Know Thy Blogger
My mom, dead more than three years, talks to me. Not in dreams, not out loud, but sometimes in words, and sometimes in pictures.
Recently, rummaging around the garage, that once and future black hole of suburban culture, I came across a tin box I don't remember having seen before. The box had belonged to my mom, and inside it were some documents about my maternal grandmother, some letters to my mom from one of her cousins, and a cornucopia of photographs, many of them new to my eyes.
Several photographs were of me, including the one, above. I must have been about four.
Above, I'm seated next to my brother, Dan, in our first house in West Los Angeles, on Veteran Avenue. I note we sported the same style in haircuts. Apparently shins were in that year, and check out my socks. Today, while our sartorial preferences have mostly parted company, we both enjoy photography and cycling.
Our beloved Gus is at our feet. If I believed in heaven, I'd picture Gus in the kitchen, wagging his tail. He's waiting for my mom to make his dinner – almost always ground round – frying up that expensive meat in her heavy, cast iron frypan. After dinner, my dad and Gus will enjoy a walk around the celestial block, where, if it should rain, they'll both remain dry.
I had too much fun while a student at Chico State. So many women, not enough beer. No, now that I think of it, there were never enough women, and it took the aftermath of one, hot afternoon and a few cups of beer too many to keep me mostly sober for the rest of my college career.
Who were those young women? I don't remember. That's my dorm in the background, as we socialized in the adjacent almond orchard. I'm not sure why or how this photograph ended up in the odd collection of images in my mom's tin box, except that she must have thought it defined who I was at the time, and wanted to keep that memory alive.
The print above is square-shapped, which means my mom was probably the photographer; she would have used her Rolleiflex camera, which made square-shaped pictures. Today, I have and sometimes use that wonderful camera, which is now over a half-century old. I'm sitting in the backyard of our second home, which was on a ridge top in the Santa Monica Mountains. How blessed I was to live there. My mom lived in that home for 49 years.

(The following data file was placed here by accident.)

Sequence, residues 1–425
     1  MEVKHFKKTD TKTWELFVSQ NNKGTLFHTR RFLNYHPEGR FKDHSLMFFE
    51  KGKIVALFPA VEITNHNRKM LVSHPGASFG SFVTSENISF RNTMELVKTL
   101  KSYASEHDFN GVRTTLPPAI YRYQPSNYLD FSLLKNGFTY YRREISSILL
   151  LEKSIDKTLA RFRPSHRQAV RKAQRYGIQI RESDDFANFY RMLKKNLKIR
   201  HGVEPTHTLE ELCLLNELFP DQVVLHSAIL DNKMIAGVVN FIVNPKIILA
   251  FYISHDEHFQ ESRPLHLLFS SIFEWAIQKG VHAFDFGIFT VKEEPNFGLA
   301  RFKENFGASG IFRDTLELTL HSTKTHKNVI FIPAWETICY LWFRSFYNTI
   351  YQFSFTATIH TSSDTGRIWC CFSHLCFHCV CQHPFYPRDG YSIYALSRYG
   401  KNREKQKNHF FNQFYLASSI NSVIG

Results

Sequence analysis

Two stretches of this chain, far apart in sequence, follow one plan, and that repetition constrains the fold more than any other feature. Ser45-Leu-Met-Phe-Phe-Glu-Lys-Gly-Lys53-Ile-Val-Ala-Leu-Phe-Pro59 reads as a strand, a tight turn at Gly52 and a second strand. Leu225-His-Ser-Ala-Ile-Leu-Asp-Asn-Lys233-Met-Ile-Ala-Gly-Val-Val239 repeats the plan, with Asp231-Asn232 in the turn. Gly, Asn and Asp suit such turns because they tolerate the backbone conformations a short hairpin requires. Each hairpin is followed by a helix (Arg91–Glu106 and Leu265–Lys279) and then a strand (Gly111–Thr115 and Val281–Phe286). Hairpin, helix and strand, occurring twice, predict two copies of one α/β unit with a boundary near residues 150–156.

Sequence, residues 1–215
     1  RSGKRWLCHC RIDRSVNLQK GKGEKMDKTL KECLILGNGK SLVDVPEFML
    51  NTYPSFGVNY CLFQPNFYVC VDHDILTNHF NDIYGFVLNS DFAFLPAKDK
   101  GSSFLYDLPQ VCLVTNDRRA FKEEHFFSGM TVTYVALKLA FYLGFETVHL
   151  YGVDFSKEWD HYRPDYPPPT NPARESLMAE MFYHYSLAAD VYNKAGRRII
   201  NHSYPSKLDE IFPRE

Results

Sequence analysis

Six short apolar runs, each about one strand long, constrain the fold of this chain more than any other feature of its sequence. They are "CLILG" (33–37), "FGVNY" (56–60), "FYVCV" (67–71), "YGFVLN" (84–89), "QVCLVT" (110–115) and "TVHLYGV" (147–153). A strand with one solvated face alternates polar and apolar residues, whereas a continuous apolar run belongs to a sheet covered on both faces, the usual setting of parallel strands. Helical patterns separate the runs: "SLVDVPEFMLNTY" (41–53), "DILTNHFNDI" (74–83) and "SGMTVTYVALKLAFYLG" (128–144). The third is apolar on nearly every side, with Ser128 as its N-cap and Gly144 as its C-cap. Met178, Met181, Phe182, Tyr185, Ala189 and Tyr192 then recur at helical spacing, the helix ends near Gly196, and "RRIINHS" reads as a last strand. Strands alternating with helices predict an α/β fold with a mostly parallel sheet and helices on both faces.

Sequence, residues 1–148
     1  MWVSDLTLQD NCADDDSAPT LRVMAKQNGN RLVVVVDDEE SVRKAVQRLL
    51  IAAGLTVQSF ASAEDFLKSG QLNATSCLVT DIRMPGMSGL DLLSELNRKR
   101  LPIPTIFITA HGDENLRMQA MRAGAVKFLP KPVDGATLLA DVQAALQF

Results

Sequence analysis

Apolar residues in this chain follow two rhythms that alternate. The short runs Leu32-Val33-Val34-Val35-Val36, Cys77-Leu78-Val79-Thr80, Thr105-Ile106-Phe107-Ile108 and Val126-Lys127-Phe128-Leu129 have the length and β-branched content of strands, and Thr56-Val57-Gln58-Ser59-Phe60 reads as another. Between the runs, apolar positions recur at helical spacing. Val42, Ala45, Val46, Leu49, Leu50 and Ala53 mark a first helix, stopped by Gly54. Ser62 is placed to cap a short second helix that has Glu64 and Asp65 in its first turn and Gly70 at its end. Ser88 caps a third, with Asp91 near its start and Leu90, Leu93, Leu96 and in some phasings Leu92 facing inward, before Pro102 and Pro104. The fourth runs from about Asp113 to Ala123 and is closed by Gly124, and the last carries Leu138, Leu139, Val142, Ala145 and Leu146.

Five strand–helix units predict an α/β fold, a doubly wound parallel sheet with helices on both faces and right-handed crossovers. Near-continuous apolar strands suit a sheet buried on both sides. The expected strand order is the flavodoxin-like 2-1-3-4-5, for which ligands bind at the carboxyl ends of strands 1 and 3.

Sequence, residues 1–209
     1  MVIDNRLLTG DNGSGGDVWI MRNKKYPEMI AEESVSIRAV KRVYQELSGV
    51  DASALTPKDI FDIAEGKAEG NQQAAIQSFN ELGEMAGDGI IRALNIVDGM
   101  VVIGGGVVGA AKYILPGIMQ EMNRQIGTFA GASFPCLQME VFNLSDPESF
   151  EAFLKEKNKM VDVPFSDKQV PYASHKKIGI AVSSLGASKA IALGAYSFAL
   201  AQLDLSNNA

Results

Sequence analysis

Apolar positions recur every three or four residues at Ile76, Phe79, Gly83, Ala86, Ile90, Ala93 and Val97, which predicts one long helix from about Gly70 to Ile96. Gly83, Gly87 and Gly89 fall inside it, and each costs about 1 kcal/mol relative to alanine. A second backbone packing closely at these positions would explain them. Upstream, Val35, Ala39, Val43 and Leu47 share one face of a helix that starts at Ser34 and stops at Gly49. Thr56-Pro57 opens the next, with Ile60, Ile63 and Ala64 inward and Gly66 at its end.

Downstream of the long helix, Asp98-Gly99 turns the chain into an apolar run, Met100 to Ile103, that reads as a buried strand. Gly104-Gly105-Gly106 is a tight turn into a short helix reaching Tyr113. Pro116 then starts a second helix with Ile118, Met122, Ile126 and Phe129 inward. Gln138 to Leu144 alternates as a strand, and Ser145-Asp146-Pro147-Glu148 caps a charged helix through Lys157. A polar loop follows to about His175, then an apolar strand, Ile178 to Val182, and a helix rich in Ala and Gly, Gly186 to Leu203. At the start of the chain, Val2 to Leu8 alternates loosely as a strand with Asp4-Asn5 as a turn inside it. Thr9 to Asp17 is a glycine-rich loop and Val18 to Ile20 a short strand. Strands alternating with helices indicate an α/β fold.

I don't recall my mom looking at the contents of the boxes or albums of prints she collected. If the idea was to keep alive the memory of family and friends and places, what good was it to keep those memories hidden?
Perhaps, though, it wasn't necessary for my mom to look at those photographs. After all, there were thousands of them that piled up as prints and slides over the years. Maybe the point was that my mom had the photographs, and knowing that, for her, was enough to keep the memories, on some level, intact.
Here's one more photograph, above, which started life, in 1972, as a slide, and was made into a poster. I pulled it out of the garage a little while ago.
Yes, that's me yet again, posing under a sign at the Doris, California, train depot, about 1972. At the time, I was on a two-day bike tour with my friends, Jim Devilliers and Steve Miller, which took us from the northwest slopes of the massive and dead volcano, Mt. Shasta, through the Tule Lake wildlife refuge, and into Oregon. I remember that Steve, red-headed and fair-skinned, suffered a serious sunburn on his legs after cycling for several hours under the mercilessly bright sun, and that we spent a night in an Oregon campground surrounded neither by trees nor tents, but by a forest of RVs.
It's somewhat amazing that my old poster has survived 38 years. Maybe it did so because it was mostly hidden away, like my mom's photographs, in a closet, a storage facility, and of late in the garage; it's back in the closet, now. I don't know how long it will stay there. Maybe knowing I have it is the important fact of its existence.
I still have that hat, too, a heavy leather one that didn't want to stay on my head while I biked that weekend long ago with my friends; like old photographs, that hat is usually hidden away in my closet (and used as a prop on occasion on the photography trips I conduct).
More amazing: I still have that bike, and I think I'm going to take it for a ride a little later this afternoon. And when I come home, I'll look into that old tin box again, and see if my mom has anything else to say to me.